The article titled “Buying a new home in Maryland”, written by Dan Krell and published in The Sentinel, provides important information and tips for individuals purchasing, or looking into purchasing, new builds/new homes. Many home buyers do not believe that they need representation when purchasing new builds, often because the new home builder representatives are “friendly, helpful and may appear to be on your side in the transaction”. According to the article, before you engage a home builder and its sales representative(s), you should research whether the home builder is registered with the Home Building Registration Unit. The sales representative(s) must also be registered with the Home Building Registration Unit if the home builder has not hired a licensed real estate agent.
If you decide to purchase a new home, it is suggested that the home buyer read the consumer information booklet (provided by the Maryland OAG Consumer Protection Division) that home builders are required to give consumers prior to entering into the sales contract.
The Maryland OAG Consumer Protection Division also “oversees a home Builder Guaranty Fund ‘that allows consumers to seek compensation for losses resulting from an act or omission by a registered builder who constructs a new home for a consumer.’” Payments from this fund are to cover actual losses that result from “‘an act or omission by a registered builder as determined by the Consumer Protection Division or a court of competent jurisdiction…’” “Actual Loss” refers to “‘the costs of restoration, repair, replacement or completion that results from the incomplete construction of a new home, a breach of an express or implied warranty, or a failure of the builder to meet certain construction standards or guidelines.’” Actual losses do not entail attorney’s fees, punitive damages, interest, or personal injury.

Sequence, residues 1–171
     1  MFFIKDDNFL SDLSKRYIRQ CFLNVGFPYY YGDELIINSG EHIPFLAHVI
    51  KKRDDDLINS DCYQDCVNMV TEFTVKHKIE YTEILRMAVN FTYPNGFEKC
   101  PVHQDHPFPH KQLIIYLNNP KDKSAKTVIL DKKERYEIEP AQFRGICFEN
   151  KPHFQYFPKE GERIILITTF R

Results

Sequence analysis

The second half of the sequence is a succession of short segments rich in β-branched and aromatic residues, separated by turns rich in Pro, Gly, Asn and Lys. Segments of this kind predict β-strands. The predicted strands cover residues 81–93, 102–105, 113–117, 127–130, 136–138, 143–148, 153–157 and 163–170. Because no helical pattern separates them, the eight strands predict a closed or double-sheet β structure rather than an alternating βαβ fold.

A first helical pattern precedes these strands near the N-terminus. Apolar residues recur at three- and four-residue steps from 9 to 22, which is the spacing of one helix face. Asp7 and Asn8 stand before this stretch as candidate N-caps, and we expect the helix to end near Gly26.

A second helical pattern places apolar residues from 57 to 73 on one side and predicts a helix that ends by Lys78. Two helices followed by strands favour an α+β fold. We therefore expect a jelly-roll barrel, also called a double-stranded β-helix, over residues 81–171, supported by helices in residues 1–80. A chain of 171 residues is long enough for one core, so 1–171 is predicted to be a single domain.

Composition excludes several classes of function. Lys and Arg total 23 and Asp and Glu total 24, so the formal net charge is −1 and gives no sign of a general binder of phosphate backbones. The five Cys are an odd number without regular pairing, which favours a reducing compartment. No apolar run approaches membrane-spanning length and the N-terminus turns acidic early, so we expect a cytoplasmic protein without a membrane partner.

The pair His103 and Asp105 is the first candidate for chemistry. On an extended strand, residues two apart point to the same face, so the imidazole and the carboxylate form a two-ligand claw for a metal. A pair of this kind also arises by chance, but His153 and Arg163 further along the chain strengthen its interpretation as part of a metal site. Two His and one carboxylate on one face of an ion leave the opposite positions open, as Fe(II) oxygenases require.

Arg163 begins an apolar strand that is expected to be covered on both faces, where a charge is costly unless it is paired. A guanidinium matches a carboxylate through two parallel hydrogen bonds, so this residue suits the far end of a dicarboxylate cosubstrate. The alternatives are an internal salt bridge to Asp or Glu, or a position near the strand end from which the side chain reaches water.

It has come to Olde Key Title’s attention that effective January 1, 2012 Montgomery Village Foundation, Inc. will charge each buyer with an additional fee “upon purchase of any property (private dwelling unit – home or condominium – or multi-family apartment complex)”. This fee, entitled the “Capital Contribution Fee”, must be paid at settlement and will total one tenth of one percent of the gross selling price of the property. These funds will be placed in a separate account and will be used “to fund new facilities and amenities open to the use and enjoyment of all residents and will help offset dependence on assessment dollars to implement these capital projects.”
In light of the current economy and high delinquency rates of payment of condominium and/or home owners’ association fees, this is not surprising. This additional fee will also protect properties’ values and the ability to sell properties within the community.
If you know of other communities that are doing this, we are eager to hear of them so please let us know.
If you have any questions, please feel free to contact Lynn Caudle Boynton, Esq. or Caryn S. Wetmore, Esq. at 301-294-3333.
According to the article titled “Booming boomer population strains ‘burbs”, written by Liz Farmer and published in The Washington Examiner, “[b]aby boomers and retirees make up the fastest-growing populations in the Washington suburbs.” This group of individuals (those ages 55 to 64), who make up the fastest-growing population group, are “growing anywhere from two to five times the average growth rate over the last decade, according to Census Bureau data….”